Chan 3610 Paper

Chan 3610 Paper - Technology in the Work Force A New Culture of Computer Mediated Norms and Business Relationships COMM 3610 Communication

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Technology in the Work Force: A New Culture of Computer Mediated Norms and Business Relationships COMM 3610: Communication, Technology, & Society Fall 2008 Technology has played a vital role in society for many centuries and continues to
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affect the way we interact with one another on a daily basis. Our culture is constantly evolving as new forms of technology emerge adding to the wide variety of communication forms we choose to emerge ourselves in. The cell phone, one of the most popular forms of technological communication today, has ultimately changed the dynamics of interpersonal relationships. In addition, the computer has drastically affected the work force by creating an entirely new business environment for employees through mediated work. While advancements in the virtual world have provided a convenient way for businesses to communicate with employees in different time zones, it has also decreased the amount of face-to-face interaction in natural business settings. With computer mediated devices like e-mails, video conferencing, instant messaging, and the like, face-to-face interactions are no longer the primary source of communication within businesses. The computer screen replaces the formal business setting and employees no longer work directly with one another but instead with the computer. Technology has created a new form of work relationships; it has disregarded all previous norms and instead provides a setting for employees to hide behind the anonymity of the computer screen. While advances in technology can be beneficial to businesses, face-to- face interaction is an integral building block for any business foundation and its’ constructive aspects cannot be met through virtual relationships. Mediated work has removed the positive aspects that are achieved through face-to-face relations and instead has instilled new work relationship norms promoting negative interpersonal comments, a lack of respect in information exchange, an absent presence of group identity, and an overall decrease in trust and satisfaction between group members. In the year 2000, nearly 80% of Fortune 500 companies were estimated to 2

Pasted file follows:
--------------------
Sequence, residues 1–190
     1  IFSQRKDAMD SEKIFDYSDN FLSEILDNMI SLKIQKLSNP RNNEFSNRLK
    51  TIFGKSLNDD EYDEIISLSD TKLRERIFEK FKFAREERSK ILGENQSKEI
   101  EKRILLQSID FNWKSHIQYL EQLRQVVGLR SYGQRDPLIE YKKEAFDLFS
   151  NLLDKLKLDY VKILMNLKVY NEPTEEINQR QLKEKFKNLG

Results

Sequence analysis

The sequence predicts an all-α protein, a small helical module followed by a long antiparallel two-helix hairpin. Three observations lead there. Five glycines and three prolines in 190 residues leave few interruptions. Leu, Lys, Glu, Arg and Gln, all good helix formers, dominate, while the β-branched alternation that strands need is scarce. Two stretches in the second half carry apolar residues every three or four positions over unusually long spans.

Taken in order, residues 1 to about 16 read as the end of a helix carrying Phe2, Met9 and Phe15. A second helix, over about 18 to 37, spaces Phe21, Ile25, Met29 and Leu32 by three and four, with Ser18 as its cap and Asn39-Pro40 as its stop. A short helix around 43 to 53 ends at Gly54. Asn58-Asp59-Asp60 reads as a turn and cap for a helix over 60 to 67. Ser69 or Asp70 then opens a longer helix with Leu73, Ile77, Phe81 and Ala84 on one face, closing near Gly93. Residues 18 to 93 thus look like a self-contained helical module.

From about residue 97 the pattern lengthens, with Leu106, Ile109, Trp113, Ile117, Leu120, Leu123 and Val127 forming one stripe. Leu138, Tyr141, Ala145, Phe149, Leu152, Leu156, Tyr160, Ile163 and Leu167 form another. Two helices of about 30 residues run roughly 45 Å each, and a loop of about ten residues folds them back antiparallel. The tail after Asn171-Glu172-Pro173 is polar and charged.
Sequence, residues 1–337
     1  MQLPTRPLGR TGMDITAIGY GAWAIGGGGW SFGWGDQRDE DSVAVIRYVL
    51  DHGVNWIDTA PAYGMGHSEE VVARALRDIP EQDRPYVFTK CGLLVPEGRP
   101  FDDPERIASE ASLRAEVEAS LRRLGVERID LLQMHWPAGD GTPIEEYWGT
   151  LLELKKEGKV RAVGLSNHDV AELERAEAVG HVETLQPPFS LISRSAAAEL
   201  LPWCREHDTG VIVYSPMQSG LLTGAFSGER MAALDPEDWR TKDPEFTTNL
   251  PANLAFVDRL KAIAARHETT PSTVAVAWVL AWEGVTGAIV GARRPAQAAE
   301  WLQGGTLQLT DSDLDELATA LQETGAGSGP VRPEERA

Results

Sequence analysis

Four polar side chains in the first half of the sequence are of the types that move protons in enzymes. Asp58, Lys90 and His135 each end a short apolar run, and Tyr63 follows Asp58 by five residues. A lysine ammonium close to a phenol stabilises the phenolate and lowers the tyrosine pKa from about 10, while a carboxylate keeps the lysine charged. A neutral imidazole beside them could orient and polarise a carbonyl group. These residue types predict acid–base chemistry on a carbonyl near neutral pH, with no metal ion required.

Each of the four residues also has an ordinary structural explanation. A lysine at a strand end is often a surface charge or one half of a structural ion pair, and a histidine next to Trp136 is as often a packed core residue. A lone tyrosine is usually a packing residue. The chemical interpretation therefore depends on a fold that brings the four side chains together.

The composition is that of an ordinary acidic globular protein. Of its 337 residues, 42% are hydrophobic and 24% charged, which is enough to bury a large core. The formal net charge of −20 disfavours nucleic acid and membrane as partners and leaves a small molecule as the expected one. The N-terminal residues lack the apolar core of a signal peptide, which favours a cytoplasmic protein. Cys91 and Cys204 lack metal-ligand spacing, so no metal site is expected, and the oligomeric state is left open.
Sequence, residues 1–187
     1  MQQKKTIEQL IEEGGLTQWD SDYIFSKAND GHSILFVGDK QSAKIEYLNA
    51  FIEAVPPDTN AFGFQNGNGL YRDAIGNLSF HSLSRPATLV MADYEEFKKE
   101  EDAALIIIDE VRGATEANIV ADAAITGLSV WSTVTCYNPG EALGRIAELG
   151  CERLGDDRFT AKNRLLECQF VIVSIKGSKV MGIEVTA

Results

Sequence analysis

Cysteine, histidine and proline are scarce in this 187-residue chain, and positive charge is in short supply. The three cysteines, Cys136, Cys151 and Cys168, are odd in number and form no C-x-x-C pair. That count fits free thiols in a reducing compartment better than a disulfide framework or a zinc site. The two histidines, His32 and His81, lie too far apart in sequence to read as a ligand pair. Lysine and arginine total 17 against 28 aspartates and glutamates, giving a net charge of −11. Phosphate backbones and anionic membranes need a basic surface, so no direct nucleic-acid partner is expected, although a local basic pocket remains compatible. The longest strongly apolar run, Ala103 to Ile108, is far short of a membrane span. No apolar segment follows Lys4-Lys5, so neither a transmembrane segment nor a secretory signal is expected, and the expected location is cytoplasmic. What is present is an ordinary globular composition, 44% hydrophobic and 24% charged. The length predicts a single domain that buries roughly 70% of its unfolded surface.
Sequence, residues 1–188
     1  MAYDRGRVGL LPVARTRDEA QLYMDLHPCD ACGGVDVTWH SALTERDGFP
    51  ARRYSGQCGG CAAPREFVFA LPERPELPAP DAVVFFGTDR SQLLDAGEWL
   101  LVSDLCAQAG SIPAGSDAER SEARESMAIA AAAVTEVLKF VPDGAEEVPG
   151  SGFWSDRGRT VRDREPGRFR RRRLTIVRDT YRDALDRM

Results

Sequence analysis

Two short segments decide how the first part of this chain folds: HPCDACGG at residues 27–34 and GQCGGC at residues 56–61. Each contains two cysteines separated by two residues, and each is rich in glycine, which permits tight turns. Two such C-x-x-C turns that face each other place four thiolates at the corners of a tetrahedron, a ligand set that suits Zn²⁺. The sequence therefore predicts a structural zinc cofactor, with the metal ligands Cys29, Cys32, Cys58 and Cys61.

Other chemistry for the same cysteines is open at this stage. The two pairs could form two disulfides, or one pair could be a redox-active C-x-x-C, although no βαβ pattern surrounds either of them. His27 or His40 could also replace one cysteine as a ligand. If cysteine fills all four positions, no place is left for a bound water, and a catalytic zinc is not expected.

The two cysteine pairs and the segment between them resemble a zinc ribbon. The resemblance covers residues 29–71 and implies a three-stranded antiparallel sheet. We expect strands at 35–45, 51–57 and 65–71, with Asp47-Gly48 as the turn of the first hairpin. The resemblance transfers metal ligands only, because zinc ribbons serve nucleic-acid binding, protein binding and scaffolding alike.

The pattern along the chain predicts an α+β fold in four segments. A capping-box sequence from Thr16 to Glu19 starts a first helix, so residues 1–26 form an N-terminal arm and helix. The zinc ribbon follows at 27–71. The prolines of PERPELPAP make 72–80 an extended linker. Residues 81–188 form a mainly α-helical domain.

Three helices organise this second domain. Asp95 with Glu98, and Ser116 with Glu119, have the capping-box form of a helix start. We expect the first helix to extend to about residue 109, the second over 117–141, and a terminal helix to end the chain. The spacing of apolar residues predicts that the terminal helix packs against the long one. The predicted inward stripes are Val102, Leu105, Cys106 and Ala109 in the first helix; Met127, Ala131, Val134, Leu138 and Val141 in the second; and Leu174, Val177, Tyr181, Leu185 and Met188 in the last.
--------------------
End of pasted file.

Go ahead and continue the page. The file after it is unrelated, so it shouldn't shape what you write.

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structure at least half of their employees into teams. [Timmerman et al., p 108]. Generating different ways to obtain a goal is usually more successful in groups due to the vast array of ideas each member is able to contribute to the team. In addition, the dynamics of the group created through interpersonal member interaction builds a foundation of respect, trust, determination, and group identification. Thus, teamwork is often viewed as an important component of any business. However, the increasing amount of virtual teams along with mediated work, are defying the main aspect of group work – face-to-face interactions. Virtual teams are highly prevalent in the work force due to the convenience they pose by removing the problem of time and space. Many changes in the work force have evolved as virtual teams are becoming more and more popular. As opposed to creating groups based upon their likeness and predicted cohesiveness,
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This note was uploaded on 03/18/2009 for the course COMM 3610 taught by Professor Mcclellan, during the Fall '08 term at Colorado.

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Chan 3610 Paper - Technology in the Work Force A New Culture of Computer Mediated Norms and Business Relationships COMM 3610 Communication

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